Climate change heightens threats of violence against women and girls
Climate change and environmental degradation are escalating the risk and prevalence of violence against women and girls across the world, a UN-appointed independent human rights expert warned on Wednesday.
Presenting a report to the General Assembly on its causes and consequences, Reem Alsalem, UN Special Rapporteur on violence against women and girls described climate change as “the most consequential threat multiplier for women and girls, with far-reaching impacts on new and existing forms of gendered inequities”.
She maintained that the “cumulative and gendered consequences” of climate change and environmental degradation “breach all aspects” of their rights.
Ms. Alsalem emphasised the damaging ways in which violence directed towards women and girls intersects with socio-political and economic phenomena, including armed conflict, displacement and resource scarcity.
And when coupled with climate change, they result in the feminisation and intensification of vulnerability, she said.
“Climate change is not only an ecological crisis, but fundamentally a question of justice, prosperity and gender equality, and intrinsically linked to and influenced by structural inequality and discrimination”.
Emerging evidence shows that the negative impacts of climate change globally, aggravate all types of gender-based violence ranging from physical to psychological and economic, “all the while curbing the availability and effectiveness of protection mechanisms and further weakening the potential to prevent violence,” the UN expert said.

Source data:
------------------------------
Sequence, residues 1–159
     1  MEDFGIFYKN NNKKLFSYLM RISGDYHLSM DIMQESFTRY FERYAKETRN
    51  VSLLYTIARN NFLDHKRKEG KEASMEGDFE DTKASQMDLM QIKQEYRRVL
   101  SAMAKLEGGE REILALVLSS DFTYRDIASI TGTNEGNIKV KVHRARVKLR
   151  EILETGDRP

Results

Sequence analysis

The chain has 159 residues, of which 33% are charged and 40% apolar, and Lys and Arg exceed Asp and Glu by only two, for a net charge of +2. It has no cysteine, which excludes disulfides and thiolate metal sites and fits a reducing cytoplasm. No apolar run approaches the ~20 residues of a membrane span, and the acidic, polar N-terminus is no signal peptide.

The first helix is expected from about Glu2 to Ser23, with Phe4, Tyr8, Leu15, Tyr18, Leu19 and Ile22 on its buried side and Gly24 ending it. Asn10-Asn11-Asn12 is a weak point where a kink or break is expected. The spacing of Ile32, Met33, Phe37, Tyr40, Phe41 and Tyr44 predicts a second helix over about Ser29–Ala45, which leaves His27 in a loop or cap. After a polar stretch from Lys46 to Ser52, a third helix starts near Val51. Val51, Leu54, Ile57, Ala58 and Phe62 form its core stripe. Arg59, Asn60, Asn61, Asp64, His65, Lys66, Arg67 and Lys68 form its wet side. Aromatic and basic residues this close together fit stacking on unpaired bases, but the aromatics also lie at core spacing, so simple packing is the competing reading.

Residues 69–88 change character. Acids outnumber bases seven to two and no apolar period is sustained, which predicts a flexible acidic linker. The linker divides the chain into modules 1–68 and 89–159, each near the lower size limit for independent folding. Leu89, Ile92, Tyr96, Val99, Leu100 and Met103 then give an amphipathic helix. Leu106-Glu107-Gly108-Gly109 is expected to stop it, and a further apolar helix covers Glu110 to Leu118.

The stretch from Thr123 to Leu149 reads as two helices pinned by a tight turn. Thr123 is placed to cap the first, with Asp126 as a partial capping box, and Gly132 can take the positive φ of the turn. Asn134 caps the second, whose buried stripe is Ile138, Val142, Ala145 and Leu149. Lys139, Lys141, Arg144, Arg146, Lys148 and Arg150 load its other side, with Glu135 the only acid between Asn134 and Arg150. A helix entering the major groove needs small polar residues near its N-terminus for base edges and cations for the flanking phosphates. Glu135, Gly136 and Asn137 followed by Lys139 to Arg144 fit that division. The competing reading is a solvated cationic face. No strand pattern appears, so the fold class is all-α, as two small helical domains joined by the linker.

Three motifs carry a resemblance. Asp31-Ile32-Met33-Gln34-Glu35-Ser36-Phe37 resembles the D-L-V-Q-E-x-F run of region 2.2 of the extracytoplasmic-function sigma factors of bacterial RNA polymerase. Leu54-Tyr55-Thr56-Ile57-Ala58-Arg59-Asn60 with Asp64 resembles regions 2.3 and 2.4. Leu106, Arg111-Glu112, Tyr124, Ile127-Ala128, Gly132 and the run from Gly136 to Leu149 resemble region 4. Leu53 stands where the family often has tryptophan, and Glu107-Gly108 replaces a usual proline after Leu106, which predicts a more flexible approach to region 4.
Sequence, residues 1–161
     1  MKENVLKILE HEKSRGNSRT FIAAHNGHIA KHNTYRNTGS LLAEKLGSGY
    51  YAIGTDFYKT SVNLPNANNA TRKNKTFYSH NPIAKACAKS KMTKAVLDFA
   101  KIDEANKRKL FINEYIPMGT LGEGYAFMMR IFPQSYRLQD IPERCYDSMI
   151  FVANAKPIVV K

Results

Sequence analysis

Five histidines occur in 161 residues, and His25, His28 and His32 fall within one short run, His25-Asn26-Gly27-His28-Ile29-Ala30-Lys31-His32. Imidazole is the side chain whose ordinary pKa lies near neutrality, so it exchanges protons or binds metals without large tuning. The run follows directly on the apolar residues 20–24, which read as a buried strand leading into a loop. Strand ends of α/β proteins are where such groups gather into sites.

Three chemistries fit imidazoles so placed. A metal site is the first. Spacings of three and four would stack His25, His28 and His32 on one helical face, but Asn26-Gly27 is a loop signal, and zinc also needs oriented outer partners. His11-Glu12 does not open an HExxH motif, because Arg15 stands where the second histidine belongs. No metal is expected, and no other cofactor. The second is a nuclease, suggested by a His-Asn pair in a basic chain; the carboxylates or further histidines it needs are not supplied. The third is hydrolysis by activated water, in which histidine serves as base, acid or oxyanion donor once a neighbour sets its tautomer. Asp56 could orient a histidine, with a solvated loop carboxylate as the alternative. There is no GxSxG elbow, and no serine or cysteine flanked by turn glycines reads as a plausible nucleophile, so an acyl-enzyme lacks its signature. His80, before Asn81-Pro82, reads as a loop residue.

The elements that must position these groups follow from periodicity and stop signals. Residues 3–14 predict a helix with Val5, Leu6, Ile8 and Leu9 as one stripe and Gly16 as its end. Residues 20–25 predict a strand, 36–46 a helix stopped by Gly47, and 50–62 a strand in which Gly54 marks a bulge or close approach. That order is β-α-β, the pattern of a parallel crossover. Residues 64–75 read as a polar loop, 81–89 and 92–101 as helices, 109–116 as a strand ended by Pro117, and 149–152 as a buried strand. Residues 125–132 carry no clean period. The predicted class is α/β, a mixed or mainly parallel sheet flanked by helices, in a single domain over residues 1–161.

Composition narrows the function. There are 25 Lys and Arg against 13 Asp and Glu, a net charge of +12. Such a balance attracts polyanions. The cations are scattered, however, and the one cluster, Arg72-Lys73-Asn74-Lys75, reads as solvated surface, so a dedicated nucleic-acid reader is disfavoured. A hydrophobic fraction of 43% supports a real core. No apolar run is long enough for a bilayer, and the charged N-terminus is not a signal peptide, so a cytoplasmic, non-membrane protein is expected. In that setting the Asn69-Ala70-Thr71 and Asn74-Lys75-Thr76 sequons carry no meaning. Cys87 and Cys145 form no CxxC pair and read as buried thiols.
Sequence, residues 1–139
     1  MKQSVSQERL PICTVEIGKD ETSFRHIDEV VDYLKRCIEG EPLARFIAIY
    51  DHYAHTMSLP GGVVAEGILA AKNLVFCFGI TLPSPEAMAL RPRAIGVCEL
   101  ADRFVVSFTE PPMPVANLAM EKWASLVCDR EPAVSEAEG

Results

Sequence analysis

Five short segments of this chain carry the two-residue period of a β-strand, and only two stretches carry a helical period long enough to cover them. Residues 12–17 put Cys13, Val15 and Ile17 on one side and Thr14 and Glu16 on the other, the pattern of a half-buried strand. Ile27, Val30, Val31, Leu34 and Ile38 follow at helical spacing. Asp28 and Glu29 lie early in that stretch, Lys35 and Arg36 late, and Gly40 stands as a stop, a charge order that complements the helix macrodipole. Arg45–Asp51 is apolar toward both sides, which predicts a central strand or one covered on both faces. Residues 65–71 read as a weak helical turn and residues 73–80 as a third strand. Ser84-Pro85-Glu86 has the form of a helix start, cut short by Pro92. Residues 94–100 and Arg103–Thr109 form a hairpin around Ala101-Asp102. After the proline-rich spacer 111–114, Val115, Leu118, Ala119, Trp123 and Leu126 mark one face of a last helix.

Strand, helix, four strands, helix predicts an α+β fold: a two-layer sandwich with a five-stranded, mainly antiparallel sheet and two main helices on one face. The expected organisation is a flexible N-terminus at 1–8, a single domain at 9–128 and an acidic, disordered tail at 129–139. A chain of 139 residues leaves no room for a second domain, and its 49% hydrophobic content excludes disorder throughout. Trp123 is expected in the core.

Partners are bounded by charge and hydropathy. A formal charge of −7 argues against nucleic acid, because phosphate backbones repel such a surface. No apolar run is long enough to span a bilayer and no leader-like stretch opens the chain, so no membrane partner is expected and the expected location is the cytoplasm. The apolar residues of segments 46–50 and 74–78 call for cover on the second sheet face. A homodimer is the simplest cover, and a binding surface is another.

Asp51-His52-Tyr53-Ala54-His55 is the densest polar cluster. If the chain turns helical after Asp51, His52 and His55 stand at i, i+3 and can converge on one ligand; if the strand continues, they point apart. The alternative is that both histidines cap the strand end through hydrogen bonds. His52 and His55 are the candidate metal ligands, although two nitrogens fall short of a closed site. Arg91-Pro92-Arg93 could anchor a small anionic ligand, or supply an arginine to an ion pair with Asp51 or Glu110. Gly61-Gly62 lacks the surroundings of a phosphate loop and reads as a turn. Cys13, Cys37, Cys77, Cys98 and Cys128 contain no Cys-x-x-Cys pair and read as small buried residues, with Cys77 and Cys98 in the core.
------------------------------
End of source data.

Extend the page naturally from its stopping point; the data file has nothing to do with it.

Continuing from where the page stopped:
“When slow or sudden-onset disasters strike and threaten livelihoods, communities may resort to negative coping mechanisms, such as trafficking, sexual exploitation and harmful practices like early and child marriage and drop out from schools – all of which force women and girls to choose between risk-imbued options for survival”.
‘Understand the nexus’
She said women environmental human rights defenders, indigenous women and girls, women of diverse gender identities and sexual orientations, older women, women with disabilities, women in poverty, and those forcibly displaced were at particular risk, and yet often fall through the protection gap.
“Despite the irreparable and significant harm to the wellbeing of women and girls, more efforts and resources are necessary to understand the nexus between climate change and violence against women and girls”.
She urged the international community to double down on the commitment to gender equality and anchor the response to climate change and disaster risk mitigation in human rights.
“For our concerted efforts against climate change to be truly gender sensitive and transformative, measures to address the vulnerabilities faced by women and girls must build on a recognition of their role and agency as powerful stakeholders in the policy space,” Ms. Alsalem underscored.
“The wellbeing and the rights of women and girls should not be an afterthought and must be placed at the centre of policies and responses”.
She upheld that if designed and implemented with a robust gender lens, “the global response to climate change and environmental degradation can be truly transformative, rather than reinforce a vicious cycle”.
Special Rapporteurs are appointed by the Geneva-based UN Human Rights Council to examine and report back on a specific human rights theme or a country situation. The positions are honorary and the experts are not paid for their work.